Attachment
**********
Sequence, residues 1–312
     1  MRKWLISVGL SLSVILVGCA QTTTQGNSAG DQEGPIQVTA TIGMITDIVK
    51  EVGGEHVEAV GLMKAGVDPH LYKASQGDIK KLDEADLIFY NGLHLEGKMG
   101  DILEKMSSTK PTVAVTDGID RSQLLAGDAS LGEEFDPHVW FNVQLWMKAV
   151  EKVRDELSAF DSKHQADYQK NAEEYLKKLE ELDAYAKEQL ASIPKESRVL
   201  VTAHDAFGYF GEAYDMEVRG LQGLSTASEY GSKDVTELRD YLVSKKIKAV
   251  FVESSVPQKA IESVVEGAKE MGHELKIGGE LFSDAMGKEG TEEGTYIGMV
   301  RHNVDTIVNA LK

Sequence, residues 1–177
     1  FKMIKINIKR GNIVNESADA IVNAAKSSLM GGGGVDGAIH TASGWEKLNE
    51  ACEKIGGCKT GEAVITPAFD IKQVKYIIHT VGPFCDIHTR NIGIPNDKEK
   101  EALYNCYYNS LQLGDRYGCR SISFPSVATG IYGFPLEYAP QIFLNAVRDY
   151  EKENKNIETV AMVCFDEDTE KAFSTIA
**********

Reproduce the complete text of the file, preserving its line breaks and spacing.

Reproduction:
Sequence, residues 1–312
     1  MRKWLISVGL SLSVILVGCA QTTTQGNSAG DQEGPIQVTA TIGMITDIVK
    51  EVGGEHVEAV GLMKAGVDPH LYKASQGDIK KLDEADLIFY NGLHLEGKMG
   101  DILEKMSSTK PTVAVTDGID RSQLLAGDAS LGEEFDPHVW FNVQLWMKAV
   151  EKVRDELSAF DSKHQADYQK NAEEYLKKLE ELDAYAKEQL ASIPKESRVL
   201  VTAHDAFGYF GEAYDMEVRG LQGLSTASEY GSKDVTELRD YLVSKKIKAV
   251  FVESSVPQKA IESVVEGAKE MGHELKIGGE LFSDAMGKEG TEEGTYIGMV
   301  RHNVDTIVNA LK

Sequence, residues 1–177
     1  FKMIKINIKR GNIVNESADA IVNAAKSSLM GGGGVDGAIH TASGWEKLNE
    51  ACEKIGGCKT GEAVITPAFD IKQVKYIIHT VGPFCDIHTR NIGIPNDKEK
   101  EALYNCYYNS LQLGDRYGCR SISFPSVATG IYGFPLEYAP QIFLNAVRDY
   151  EKENKNIETV AMVCFDEDTE KAFSTIA